Marine ecosystems and deserts provide food, fiber, aesthetic value and recreational opportunities and, in this light, are considered commercially and socially valuable to Kuwaitis.

Main pressures on and drivers of change to biodiversity (direct and indirect)

The content of this biodiversity profile is still draft. The text below has been prepared by SCBD and remains subject to final approval by the Party concerned.

One of the worst disasters to which the already fragile ecosystems were exposed relates to the Iraqi invasion of Kuwait in 1990. The bombing of more than 700 oil wells and crude oil spills in marine and land environments, air pollution from burning fires, movement of military vehicles, proliferation of mines and weapons and building of trenches by the military, had negative impacts on the soil and land which resulted in their contamination. These activities caused overall devastation to vegetation and wild animals and environmental damages are still under investigation by the Government. Negative impacts are exemplified by the number of corals dying from oil pollution, as well as other pollutants (especially biological and chemical contaminants from the war), and by the level of fungal contamination in the air from burning fires, among other indications.

Overgrazing, uprooting of shrubs, seasonal increases in human activities, camping, entertainment, establishment of gravel and sand quarries and other environmental processes, have sped up the process of land degradation and led to biodiversity loss. Moreover, Kuwait’s small area (whether on land or sea) has created a high demand for suitable sites for the development of urban, residential, industrial and tourism areas, particularly on the coast. There are ongoing operations to bury various coastal ecosystems as well, particularly located in intertidal and muddy areas, by building artificial islands and harbours. Moreover, natural desert ecosystems are being lost because of urban expansion, road construction, oil production, transport and storage.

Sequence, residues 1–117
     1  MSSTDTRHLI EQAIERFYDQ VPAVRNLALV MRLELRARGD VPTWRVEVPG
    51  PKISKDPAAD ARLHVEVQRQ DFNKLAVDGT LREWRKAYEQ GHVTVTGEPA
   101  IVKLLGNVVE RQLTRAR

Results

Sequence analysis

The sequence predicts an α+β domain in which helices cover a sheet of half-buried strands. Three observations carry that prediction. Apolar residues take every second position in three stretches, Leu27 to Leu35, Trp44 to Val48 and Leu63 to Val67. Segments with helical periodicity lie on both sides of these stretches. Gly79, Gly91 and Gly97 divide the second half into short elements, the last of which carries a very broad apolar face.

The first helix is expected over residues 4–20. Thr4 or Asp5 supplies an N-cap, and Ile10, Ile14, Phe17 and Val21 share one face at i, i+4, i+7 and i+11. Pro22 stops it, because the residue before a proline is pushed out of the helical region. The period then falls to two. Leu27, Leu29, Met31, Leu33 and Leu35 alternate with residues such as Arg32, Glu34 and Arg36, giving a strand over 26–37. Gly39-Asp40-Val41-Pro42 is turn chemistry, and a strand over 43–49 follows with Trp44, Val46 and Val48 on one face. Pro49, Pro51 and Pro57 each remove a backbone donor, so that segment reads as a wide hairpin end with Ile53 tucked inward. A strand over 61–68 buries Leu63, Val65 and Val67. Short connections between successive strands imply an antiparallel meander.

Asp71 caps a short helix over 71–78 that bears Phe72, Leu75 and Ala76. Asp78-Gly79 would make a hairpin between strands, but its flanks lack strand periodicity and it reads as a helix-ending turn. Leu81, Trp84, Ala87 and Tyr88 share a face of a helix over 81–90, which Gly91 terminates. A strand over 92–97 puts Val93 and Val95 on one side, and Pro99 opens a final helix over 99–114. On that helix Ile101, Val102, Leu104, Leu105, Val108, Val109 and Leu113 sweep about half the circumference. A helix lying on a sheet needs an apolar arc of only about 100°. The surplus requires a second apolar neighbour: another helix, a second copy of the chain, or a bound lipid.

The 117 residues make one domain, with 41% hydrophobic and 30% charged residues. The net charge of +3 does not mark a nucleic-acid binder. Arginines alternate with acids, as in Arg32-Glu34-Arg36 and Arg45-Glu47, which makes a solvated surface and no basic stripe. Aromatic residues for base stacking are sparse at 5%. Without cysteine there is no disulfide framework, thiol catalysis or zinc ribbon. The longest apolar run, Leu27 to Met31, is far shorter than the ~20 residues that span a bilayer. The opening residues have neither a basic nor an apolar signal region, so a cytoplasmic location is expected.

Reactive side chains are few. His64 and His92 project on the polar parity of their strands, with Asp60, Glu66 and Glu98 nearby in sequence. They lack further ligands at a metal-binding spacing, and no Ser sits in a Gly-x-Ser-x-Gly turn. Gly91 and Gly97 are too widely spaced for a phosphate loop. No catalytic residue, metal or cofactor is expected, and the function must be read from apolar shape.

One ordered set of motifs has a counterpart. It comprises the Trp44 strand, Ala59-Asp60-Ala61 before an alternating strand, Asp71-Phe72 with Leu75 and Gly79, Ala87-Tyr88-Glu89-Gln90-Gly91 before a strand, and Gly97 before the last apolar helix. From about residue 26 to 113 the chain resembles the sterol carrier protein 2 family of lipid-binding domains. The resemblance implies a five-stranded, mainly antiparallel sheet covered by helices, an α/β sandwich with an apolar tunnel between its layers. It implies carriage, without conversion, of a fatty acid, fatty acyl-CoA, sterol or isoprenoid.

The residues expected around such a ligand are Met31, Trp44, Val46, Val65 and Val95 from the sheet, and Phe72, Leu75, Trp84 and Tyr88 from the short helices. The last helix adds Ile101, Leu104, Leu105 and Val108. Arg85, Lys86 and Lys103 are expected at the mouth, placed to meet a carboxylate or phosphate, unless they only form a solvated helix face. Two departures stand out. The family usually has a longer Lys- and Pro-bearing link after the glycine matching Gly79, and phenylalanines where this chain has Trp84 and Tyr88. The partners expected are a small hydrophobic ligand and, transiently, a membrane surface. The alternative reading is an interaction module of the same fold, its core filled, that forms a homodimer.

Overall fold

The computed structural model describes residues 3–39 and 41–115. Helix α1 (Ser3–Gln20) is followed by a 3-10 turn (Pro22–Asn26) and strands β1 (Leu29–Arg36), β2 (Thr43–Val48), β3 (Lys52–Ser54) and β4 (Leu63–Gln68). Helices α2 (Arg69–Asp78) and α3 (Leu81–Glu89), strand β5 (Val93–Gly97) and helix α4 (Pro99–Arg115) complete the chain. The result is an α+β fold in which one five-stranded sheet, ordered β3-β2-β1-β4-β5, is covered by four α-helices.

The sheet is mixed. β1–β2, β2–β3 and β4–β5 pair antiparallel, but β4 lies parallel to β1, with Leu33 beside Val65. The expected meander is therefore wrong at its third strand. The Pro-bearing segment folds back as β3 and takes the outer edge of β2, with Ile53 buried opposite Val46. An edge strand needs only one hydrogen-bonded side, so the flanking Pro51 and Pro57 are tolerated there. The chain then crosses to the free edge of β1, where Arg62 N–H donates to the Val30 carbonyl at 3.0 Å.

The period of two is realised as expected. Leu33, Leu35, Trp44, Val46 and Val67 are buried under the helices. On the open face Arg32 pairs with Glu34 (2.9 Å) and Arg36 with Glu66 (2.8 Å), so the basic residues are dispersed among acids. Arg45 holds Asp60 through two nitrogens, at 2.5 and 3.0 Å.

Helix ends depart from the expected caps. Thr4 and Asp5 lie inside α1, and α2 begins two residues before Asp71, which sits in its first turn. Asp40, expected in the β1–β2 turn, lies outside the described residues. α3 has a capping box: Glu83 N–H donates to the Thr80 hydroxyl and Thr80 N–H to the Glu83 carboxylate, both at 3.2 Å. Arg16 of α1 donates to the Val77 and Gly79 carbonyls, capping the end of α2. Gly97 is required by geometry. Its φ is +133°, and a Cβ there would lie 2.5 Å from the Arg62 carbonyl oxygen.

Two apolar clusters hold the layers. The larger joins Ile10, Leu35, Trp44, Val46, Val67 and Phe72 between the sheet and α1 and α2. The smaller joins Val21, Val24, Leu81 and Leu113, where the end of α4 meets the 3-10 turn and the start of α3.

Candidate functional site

Overfishing, bottom trawling, as well as fishing in breeding areas are major threats to sea biodiversity. Also, amateur sport fishing has caused a lot of damage to the marine environment which is particularly associated to anchoring boats in coral reef areas. The sea surrounding Kuwait has had many pressures and pollutants due to an increase in population, mixing of treated and untreated wastewater, urban activities, power generation, water distillation, ports and ships, industrial facilities and the export of oil in giant tankers. For instance, the amount of dead fish totaled 2,600 tons between August and September 2001.